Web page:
Posted by Daniel Taylor
I think it is natural for us to wax nostalgic from time to time. When the things that we like change, after all, it can make us crazy. It’s can be calming to remember “the good old days” when things were done the way we liked them.
Personally, my nostalgia is business-related. I long for the days of the big empty desk with nothing to obstruct my view of its finished wooden top other than an appointment calendar and a telephone, almost out of reach. Oh yes, I could get some serious work done at a desk like that.
Instead, I have a computer and a cell phone and they’re both hooked up to my email. If I’m not careful, email starts to run my life. I hate it when that happens.
Because email sucks.
Three reasons it’s terrible
Any time that I want to use an online service, whether it’s to book a flight or manage my time, I’m forced to give my email address. Now I’m hammered by offers, updates, and surveys that I don’t want.
What could have been a relatively efficient means of communication has become swamped by nonsense. Maybe I should start a phony email account to use for all those logins?
Assuming that you’re hooked up to a decent internet connection, you can send and receive email messages almost instantly, there’s no doubt about that. The problem is with the lag-time.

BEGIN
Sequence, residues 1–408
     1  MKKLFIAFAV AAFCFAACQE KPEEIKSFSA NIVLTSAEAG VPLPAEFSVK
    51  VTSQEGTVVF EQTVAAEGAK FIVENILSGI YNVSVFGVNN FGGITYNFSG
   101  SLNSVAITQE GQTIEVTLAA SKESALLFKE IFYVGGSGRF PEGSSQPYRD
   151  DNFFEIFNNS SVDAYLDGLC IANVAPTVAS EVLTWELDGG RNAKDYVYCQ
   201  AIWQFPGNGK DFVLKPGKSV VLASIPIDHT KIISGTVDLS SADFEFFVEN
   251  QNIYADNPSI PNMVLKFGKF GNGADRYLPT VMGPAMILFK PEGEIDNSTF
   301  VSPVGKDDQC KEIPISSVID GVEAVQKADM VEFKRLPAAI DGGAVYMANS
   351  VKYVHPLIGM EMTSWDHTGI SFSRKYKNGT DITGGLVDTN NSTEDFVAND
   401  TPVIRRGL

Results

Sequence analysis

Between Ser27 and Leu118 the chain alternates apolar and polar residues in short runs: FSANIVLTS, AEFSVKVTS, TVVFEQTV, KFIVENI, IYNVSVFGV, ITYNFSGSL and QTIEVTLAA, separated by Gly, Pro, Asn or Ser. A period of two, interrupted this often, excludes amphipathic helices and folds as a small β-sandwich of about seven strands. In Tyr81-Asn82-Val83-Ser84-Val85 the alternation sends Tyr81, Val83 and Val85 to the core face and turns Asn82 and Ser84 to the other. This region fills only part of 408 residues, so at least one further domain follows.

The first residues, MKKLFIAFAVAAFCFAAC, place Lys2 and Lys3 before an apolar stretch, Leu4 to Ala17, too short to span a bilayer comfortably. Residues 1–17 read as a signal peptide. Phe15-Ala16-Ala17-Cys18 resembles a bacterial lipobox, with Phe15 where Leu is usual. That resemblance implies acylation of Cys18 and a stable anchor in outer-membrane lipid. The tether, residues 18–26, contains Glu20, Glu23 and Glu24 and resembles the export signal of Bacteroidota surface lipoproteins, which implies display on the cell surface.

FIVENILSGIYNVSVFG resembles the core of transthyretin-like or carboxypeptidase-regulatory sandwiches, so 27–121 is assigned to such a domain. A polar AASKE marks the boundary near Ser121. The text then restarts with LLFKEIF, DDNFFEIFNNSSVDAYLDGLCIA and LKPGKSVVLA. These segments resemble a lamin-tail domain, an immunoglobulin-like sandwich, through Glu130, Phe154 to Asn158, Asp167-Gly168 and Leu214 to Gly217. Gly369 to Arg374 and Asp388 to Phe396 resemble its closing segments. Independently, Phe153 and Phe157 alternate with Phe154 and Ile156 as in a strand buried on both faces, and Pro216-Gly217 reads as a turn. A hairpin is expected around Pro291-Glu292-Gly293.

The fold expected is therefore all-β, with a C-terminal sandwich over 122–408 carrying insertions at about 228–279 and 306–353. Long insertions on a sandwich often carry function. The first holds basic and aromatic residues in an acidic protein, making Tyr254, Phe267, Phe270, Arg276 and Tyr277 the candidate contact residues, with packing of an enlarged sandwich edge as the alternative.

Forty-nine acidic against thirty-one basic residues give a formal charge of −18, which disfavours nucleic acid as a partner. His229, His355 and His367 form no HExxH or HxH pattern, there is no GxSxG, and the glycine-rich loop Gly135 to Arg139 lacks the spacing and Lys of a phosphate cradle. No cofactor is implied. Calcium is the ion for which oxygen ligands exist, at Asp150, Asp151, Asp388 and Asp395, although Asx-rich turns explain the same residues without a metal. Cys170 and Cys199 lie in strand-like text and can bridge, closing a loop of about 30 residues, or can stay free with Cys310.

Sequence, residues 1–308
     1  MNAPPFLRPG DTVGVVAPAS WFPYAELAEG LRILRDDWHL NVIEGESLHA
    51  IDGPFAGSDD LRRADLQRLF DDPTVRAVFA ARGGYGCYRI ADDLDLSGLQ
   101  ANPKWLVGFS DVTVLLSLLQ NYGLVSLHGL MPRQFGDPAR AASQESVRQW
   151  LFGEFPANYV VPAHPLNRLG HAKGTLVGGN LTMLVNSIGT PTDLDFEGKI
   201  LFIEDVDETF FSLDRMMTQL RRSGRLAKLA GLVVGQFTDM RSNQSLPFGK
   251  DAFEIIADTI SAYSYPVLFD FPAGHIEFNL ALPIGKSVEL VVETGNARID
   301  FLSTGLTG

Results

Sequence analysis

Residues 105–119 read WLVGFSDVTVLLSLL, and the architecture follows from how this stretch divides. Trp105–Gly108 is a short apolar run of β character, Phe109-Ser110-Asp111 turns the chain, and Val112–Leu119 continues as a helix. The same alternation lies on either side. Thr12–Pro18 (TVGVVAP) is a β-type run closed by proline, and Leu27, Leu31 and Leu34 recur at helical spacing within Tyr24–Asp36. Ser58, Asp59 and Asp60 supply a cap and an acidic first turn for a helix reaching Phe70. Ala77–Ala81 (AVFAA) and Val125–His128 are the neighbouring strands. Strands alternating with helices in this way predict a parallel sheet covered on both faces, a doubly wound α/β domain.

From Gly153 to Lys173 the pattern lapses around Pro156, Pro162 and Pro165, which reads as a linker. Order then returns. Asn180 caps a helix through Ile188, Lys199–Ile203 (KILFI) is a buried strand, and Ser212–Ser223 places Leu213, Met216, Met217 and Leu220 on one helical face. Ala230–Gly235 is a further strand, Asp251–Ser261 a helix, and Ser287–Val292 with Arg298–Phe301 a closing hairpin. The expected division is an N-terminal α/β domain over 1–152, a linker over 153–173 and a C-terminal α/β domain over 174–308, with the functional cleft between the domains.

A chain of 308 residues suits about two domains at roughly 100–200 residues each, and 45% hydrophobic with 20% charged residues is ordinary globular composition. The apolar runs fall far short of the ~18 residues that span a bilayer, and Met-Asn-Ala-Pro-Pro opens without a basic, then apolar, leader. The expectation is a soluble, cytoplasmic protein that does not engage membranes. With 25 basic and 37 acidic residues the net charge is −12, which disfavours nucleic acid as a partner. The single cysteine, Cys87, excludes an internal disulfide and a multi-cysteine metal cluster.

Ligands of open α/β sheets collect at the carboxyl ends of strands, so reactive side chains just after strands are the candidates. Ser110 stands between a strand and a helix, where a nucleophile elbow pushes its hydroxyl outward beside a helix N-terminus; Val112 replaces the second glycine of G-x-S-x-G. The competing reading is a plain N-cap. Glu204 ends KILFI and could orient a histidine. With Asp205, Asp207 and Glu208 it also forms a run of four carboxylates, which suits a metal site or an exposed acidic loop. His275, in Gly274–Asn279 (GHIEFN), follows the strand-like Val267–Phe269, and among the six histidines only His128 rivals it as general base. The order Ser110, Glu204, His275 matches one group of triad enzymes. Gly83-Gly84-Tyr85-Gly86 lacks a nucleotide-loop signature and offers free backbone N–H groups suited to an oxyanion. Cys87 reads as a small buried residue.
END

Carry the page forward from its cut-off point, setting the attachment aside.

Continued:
When I send an email, depending on the message, it takes me a few minutes to write it. Then it goes and sits in someone else’s inbox for God-knows-how-long and then they take a few minutes to write back. If I don’t get a clear answer to my questions (or am myself met with questions in need of answering), then it takes a few more minutes on either side (plus the time between email checks) before the matter is resolved.
When you pick up the telephone, that same exchange takes as much time as it took you to type the original email! We are trending towards an increasingly digital means of communication, but that doesn’t mean it’s always the best.
Hands-down, the biggest reason that I hate email is that it is so darn distracting! The impulse to check for any new emails is a strong one. It’s also one that our business ancestors didn’t have to worry about. Instead, they could focus on the task at hand.
The worst part about the email phenomenon is that it doesn’t just distract you once. It distracts you repeatedly. Before you know it, the hour you planned to dedicate to payroll has been interrupted four times. Those distractions are actually even more costly than they appear, too.
Every time you draw your focus away from your work, you have to build back up to your previous level of concentration. It’s hard to keep yourself focused when there’s a never-ending dialogue calling for your attention.
Someone else’s To-Do list
I’ve said it before and I’ll say it again. Your inbox is nothing more than someone else’s To-Do list. The frequency with which you receive a purely information email is probably surprisingly low.
What you’re receiving are requests and instructions, all of which bring you further off your own, pressing tasks. And that makes it hard to run a business.
Email sucks.Read More